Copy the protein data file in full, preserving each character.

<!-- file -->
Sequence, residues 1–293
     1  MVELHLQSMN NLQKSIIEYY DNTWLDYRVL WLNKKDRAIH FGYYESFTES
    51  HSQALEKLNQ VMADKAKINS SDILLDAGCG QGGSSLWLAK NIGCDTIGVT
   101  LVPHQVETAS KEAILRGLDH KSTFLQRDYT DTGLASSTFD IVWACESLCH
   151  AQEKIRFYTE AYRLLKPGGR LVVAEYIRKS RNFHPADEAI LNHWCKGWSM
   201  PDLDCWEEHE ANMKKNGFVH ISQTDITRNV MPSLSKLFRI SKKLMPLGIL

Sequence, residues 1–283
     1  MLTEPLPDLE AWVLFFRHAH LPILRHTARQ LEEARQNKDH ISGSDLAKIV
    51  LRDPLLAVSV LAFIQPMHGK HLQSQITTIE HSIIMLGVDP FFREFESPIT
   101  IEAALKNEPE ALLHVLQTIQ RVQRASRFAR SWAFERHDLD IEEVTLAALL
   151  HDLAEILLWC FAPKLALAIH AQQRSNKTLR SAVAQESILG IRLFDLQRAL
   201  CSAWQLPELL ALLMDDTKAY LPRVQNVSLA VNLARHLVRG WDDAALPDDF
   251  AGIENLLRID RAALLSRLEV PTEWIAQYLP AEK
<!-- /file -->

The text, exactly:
Sequence, residues 1–293
     1  MVELHLQSMN NLQKSIIEYY DNTWLDYRVL WLNKKDRAIH FGYYESFTES
    51  HSQALEKLNQ VMADKAKINS SDILLDAGCG QGGSSLWLAK NIGCDTIGVT
   101  LVPHQVETAS KEAILRGLDH KSTFLQRDYT DTGLASSTFD IVWACESLCH
   151  AQEKIRFYTE AYRLLKPGGR LVVAEYIRKS RNFHPADEAI LNHWCKGWSM
   201  PDLDCWEEHE ANMKKNGFVH ISQTDITRNV MPSLSKLFRI SKKLMPLGIL

Sequence, residues 1–283
     1  MLTEPLPDLE AWVLFFRHAH LPILRHTARQ LEEARQNKDH ISGSDLAKIV
    51  LRDPLLAVSV LAFIQPMHGK HLQSQITTIE HSIIMLGVDP FFREFESPIT
   101  IEAALKNEPE ALLHVLQTIQ RVQRASRFAR SWAFERHDLD IEEVTLAALL
   151  HDLAEILLWC FAPKLALAIH AQQRSNKTLR SAVAQESILG IRLFDLQRAL
   201  CSAWQLPELL ALLMDDTKAY LPRVQNVSLA VNLARHLVRG WDDAALPDDF
   251  AGIENLLRID RAALLSRLEV PTEWIAQYLP AEK